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| 6 minutes read

Here at last – the EU’s gold standard in green bonds

We have obtained the consolidated text of the political agreement on the European Green Bond Regulation (including annexes) (the Regulation), reached on 28 February (as announced by press releases from the Council and Parliament).

This text may be subject to further change as it goes through legal and linguistic checks and is voted on by the Parliament.

Key provisions

The full text confirms the headline information already in the public domain, as well as providing further details.

  • The Regulation provides a voluntary label for issuers of green use of proceeds bonds (called a European Green Bond or EU GB) where the proceeds must be invested in economic activities aligned with the EU taxonomy requirements before maturity of each bond. This label will only be available for issuers that publish an EU Prospectus Regulation (EU PR) compliant prospectus, as well as sovereign or quasi-sovereign issuers of EU Member States that are exempt from the requirement to publish a prospectus under the EU PR. This is an important restriction given that issuers of wholesale debt have increasingly elected to admit their debt securities to venues outside of the scope of the EU PR (including exchange-regulated markets or MTFs in the EU). Such issuers would need to bring themselves back within the EU prospectus regime to use the European Green Bond label.
  • Issuers will be permitted to deduct certain issuance costs, where those costs are directly linked to the issuance of the bonds, from the proceeds meaning that the requirement to allocate the proceeds to taxonomy-aligned activities will apply to net proceeds only.
  • Issuers using the label must use issue proceeds to finance environmentally sustainable activities either: (i) directly via the financing of assets and expenditures that relate to economic activities that comply with the taxonomy requirements; or (ii) under certain conditions, indirectly, through financial assets that finance economic activities that meet the taxonomy requirements.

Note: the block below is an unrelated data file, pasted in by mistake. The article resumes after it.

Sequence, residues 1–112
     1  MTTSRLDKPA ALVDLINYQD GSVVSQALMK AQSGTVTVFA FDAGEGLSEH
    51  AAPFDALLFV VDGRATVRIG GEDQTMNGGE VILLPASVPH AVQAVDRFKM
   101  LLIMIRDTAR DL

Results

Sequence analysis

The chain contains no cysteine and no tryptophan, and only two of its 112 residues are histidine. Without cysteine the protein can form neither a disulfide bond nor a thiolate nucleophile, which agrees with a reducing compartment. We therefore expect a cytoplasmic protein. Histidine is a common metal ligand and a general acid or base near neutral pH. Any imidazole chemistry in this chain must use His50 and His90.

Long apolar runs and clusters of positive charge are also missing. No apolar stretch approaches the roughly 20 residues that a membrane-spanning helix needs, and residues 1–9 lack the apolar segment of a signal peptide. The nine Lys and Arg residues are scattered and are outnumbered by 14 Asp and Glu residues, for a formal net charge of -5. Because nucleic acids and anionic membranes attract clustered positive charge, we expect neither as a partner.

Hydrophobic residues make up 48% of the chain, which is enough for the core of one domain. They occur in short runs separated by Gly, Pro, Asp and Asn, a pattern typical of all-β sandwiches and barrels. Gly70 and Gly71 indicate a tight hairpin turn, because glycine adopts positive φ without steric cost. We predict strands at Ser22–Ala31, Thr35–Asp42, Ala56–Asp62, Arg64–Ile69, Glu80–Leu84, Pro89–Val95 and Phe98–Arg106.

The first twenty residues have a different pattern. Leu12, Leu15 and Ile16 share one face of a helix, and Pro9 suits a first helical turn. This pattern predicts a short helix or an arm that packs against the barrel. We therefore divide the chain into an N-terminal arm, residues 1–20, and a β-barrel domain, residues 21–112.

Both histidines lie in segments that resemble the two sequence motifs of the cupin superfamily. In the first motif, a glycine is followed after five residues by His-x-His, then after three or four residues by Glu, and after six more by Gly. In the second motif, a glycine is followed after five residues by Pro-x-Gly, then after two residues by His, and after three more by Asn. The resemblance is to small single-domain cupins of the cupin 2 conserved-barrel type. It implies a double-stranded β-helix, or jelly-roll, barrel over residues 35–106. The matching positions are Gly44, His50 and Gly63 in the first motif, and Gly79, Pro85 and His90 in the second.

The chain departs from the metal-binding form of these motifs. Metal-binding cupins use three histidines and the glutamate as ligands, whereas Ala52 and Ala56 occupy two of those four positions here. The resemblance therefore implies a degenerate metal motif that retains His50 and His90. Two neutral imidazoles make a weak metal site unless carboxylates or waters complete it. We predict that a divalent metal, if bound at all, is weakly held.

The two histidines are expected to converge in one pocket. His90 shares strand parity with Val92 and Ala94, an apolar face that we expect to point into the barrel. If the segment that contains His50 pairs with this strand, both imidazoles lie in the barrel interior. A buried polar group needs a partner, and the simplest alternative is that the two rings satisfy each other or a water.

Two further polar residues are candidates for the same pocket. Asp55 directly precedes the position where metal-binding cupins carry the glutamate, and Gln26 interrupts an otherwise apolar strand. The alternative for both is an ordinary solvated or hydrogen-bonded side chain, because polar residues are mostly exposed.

• The Regulation provides further detail on different ways issuers can apply proceeds of an EU GB labelled bond in a compliant manner. One such alternative is to finance capital expenditures relating to economic activities that will meet the taxonomy requirements within a reasonably short period from the issuance of the bond concerned, which requires the issuer to publish a CapEx plan. Another is a portfolio approach where proceeds of one or more bonds are allocated to a portfolio of assets, provided that the total value of eligible assets in the portfolio exceeds the total value of the portfolio of outstanding bonds (on a balance sheet basis). The portfolio approach is currently the most used mechanism by issuers adopting existing voluntary standards for use of proceeds bonds and other green finance instruments.
  • The full text confirms the limited use cases for the “15% flexibility pocket” of proceeds which do not need to be fully taxonomy-aligned. Such flexibility will only be available for certain economic activities for which there are no technical screening criteria (TSC) (or in the context of certain international support). An issuer will still need to demonstrate that the activities contribute substantially to one or more of the environmental objectives and do no significant harm to any of the environmental objectives.
  • To address concerns regarding future changes to TSC, “grandfathering” provisions will apply where relevant criteria are amended post-issuance. Issuers will need to ensure that unallocated proceeds and proceeds covered by a CapEx plan that have not yet met the taxonomy requirements comply with the amended TSC within seven years. Issuers applying a portfolio approach will be permitted to include an asset, financed by an EU GB, that does not align with amended TSC as part of the pool of financed assets for at most seven years.
  • Issuers adopting the label will need to comply with detailed pre- and post-issuance transparency requirements. These will include the completion of a pre-issuance green bond factsheet, post-issuance allocation report(s) and post-allocation impact report, each following templates set out in the Annexes to the Regulation.
  • Among other things, green bond factsheets will need to include information about how the bonds are expected to contribute to the issuer’s broader environmental strategy and, where the issuer is required to (for example, pursuant to the EU Corporate Sustainability Reporting Directive for in-scope issuers), or voluntarily choses to, publish a transition plan, how the bond proceeds are intended to contribute to funding and implementing those plans.